Yeah, my reaction was very much like Erebus'. What your interviewee described is the way it's always been. The only thing that's changed over the years have been the over-simplistic sound bites that the average joe is fed.
The search for the right balance of offshoring, or for that matter any type of outsourcing, and doing things in-house is a dynamic system. Just because one company today might have rethought some of its outsourcing decisions of last year, should not be taken as a whole new national trend.
Actually, it has never been simple. It is always driven by economic necessity. A world wide business is constantly looking at material supply, labor costs, shipping costs, advertising costs and support costs.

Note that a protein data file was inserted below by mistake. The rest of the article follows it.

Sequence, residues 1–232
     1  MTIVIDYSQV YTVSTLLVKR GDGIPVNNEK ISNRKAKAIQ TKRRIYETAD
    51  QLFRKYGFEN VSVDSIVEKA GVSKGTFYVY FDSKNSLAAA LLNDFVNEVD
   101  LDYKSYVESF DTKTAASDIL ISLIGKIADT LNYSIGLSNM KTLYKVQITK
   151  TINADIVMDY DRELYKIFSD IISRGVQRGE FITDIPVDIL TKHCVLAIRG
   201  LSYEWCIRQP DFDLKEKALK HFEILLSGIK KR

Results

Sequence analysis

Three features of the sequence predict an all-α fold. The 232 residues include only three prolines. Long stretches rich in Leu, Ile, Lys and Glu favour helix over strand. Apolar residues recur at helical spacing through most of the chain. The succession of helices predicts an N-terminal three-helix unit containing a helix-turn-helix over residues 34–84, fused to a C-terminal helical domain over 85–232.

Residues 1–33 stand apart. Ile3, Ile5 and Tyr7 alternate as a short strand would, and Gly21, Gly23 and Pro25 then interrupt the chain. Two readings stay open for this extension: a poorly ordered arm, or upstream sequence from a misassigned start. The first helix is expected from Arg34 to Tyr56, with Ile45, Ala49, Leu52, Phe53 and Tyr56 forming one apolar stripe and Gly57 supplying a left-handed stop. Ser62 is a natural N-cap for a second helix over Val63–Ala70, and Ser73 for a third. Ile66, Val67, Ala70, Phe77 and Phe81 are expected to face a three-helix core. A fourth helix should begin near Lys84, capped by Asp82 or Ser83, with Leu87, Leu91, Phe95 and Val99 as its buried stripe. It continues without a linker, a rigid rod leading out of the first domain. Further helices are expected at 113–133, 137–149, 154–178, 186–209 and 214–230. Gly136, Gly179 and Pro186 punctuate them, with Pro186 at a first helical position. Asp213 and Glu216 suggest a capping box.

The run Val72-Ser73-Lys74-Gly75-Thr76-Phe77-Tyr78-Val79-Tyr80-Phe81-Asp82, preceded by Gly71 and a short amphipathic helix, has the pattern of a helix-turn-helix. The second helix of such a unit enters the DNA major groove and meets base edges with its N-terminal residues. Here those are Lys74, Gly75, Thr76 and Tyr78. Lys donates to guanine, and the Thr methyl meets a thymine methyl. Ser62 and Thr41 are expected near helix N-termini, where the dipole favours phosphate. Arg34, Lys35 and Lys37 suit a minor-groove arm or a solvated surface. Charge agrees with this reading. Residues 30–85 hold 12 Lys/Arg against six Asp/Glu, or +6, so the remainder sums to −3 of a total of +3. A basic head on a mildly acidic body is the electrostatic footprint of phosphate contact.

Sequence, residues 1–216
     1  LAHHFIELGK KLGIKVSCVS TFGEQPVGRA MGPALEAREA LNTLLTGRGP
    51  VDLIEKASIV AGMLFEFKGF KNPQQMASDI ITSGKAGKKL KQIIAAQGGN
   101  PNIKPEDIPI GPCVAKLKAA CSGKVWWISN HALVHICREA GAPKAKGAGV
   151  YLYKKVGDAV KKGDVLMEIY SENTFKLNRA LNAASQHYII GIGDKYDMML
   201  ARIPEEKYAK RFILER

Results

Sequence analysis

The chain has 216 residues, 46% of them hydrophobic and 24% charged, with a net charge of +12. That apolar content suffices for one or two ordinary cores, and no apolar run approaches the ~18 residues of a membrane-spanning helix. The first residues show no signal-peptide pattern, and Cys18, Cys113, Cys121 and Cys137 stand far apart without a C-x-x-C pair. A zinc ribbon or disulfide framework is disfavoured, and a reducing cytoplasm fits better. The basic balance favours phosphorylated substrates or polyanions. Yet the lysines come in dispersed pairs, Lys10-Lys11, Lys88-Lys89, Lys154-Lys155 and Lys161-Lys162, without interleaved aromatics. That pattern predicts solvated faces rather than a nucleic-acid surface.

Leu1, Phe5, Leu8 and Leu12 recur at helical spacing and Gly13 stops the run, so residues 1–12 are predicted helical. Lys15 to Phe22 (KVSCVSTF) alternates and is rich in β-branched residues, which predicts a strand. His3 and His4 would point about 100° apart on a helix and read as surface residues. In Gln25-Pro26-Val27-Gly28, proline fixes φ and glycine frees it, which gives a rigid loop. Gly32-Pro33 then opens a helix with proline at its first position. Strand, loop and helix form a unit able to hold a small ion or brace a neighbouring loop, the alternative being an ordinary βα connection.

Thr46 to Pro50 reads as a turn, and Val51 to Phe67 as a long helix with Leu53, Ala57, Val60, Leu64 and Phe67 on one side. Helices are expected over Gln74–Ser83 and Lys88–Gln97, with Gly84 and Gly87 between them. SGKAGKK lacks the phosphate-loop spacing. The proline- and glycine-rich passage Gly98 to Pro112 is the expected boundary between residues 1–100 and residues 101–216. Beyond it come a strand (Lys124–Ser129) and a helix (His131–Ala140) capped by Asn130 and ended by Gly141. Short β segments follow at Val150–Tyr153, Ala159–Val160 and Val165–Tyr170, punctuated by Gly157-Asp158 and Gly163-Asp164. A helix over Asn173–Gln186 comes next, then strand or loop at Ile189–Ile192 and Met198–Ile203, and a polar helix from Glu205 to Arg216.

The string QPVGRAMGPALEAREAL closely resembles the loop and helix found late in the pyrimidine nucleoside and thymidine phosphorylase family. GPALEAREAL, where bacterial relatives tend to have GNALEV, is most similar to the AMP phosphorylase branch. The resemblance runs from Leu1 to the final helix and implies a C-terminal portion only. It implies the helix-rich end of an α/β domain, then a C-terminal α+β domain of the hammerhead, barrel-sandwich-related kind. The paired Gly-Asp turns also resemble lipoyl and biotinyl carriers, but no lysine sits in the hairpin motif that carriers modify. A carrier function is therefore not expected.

Each area is open for the possibilities of where the the business might derive value from moving aspects of the production costs to other locations.
So currently, it looks like bringing some jobs back to the US might be beneficial to certain businesses. We will see if that is really true when we see employment numbers improve.
Just a thought,
Drones are, in essence, flying autonomous vehicles. Pros and cons surrounding drones today might well foreshadow the debate over the development of self-driving cars. In the context of a strongly regulated aviation industry, "self-flying" drones pose a fresh challenge. How safe is it to fly drones in different environments? Should drones be required for visual line of sight – as are piloted airplanes? Join EE Times' Junko Yoshida as she moderates a panel of drone experts.